Attack Of The Clones: Shades Of Morality

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“Clear your mind must be, if you are to discover the real villains behind this plot.” – Yoda

Earlier this month we discussed the political nature of the Jedi and the origins of the Grand Army of the Republic – those genetically modified soldiers better known as the Clone Army, who were created to “protect” the republic until Order 66 had them turning their weapons on their Jedi Generals, effectively setting the stage for a Sith-ruled galactic empire. We delved into great detail discussing the creation of the army and the motivation behind it, both for the Jedi and the Sith, but that was only half the story for these expendable clone warriors and our “beloved” Jedi knights.

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Despite the metaphorical elephant in the room, the Star Wars films never openly discuss the questionable morality of our heroes using living beings as disposable fodder for war while the supposed bad-guys make use of engineered mechanical droids. Tabling the question of whether droids do in fact have life, because that’s a whole other post in it’s own, the fact of the matter is that our kind and compassionate, peacekeeping Jedi heroes – who won’t even send a force beyond two men to stave off the annihilation of the peoples of Naboo – suddenly have no words of wisdom against or qualms about being given millions of lives to fight a war that in all honestly they have no right to even be in.

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Although trained in combat since their youth, the Jedi Order are renowned peacekeepers, only fighting when absolutely necessary. But yet, by the end of AOTC they are not only fighting in, but leading, an army of genetically engineered, living and breathing men, in a political war. But why? Their allegiance is to the people of the galaxy…not the government. Right? And you can say they’re fighting to keep the Empire and all it’s evil from rising but if that’s the case then they failed utterly, and moreover, there is no conceivable way that Yoda sat two feet from Palpatine and didn’t realize the level of darkness emanating from the master of the Sith himself.

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In the end, whether or not the government is a Republic, an Empire, or something else entirely, the Jedi are not supposed to takes sides – because if that’s not the case then why is there still mass corruption and slavery on planets like Tattooine? If the Jedi have enough stake in the political arena to go to war over planets leaving the Republic and are willing to risk millions of clone lives to enforce that decision, then why do they not have enough stake or motivation to confront star systems that allow people like Shmi and Anakin to endure slavery, degradation, and the constant threat of death?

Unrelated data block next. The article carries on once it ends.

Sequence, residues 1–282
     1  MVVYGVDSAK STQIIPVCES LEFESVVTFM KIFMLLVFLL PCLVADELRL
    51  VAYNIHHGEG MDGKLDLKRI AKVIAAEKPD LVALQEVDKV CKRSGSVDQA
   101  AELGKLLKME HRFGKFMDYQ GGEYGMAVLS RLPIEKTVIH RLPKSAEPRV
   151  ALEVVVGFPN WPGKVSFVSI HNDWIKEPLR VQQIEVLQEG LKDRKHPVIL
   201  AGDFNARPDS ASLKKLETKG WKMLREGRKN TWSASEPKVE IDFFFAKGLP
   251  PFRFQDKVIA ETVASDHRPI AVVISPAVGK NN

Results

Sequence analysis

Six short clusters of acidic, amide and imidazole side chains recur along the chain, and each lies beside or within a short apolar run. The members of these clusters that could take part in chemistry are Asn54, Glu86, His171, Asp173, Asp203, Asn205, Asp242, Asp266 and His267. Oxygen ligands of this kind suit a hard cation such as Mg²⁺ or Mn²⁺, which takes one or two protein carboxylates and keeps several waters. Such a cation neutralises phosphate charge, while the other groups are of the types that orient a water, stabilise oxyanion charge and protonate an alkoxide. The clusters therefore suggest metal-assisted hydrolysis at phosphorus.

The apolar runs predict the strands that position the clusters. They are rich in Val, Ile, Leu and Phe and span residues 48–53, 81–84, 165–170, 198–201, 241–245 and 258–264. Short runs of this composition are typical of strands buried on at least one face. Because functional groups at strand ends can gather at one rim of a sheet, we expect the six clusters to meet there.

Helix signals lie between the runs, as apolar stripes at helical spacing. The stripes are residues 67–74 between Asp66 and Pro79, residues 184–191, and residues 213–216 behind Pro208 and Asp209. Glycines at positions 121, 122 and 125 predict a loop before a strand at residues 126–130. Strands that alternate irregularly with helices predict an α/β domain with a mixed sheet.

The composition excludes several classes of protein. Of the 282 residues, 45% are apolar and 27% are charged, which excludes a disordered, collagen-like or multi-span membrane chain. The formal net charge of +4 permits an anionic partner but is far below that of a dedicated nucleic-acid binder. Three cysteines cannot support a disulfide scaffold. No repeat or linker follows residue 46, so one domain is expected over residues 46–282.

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The Jedi Masters are more than willing to allow the Senate to decide when and how to deal – or not deal – with these injustices in the galaxy, but why allow such darkness to flourish if their purpose is to preserve and fight for the light? Why not fight for the enslaved mothers and fathers and children of Tattooine? Why not fight to liberate the people of the Naboo when its peaceful citizens were being tortured and mutilated? Amidala begged and fought and risked her own life to ask for help and unmoved, the Jedi still refused to send more than two men to help.

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“Now that they’re extinct, the Jedi are romanticized, deified. But if you strip away the myth and look at their deeds, the legacy of the Jedi is failure. Hypocrisy, hubris.” – Luke Skywalker

By their inaction, their refusal to risk their lives to help those truly in need, the Jedi Order failed Padme Amidala, they failed Shmi Skywalker, and they failed even their own proclaimed Chosen One: Anakin Skywalker. Their lives were more important than others and they did not feel compelled to risk so much, but given an army of non-Force users, they are surprisingly quick to lead an army into a war that they have no place in. Ultimately, surrounded by replaceable troops of clone men, Jedi lives are in very little danger and they are suddenly comfortable with sending men to die for a cause that they wouldn’t send more than two of their own to defend before. And we proclaim them as our heroes. They are who we strive to be.

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It’s little wonder the Force itself sent Anakin to redress the issue.

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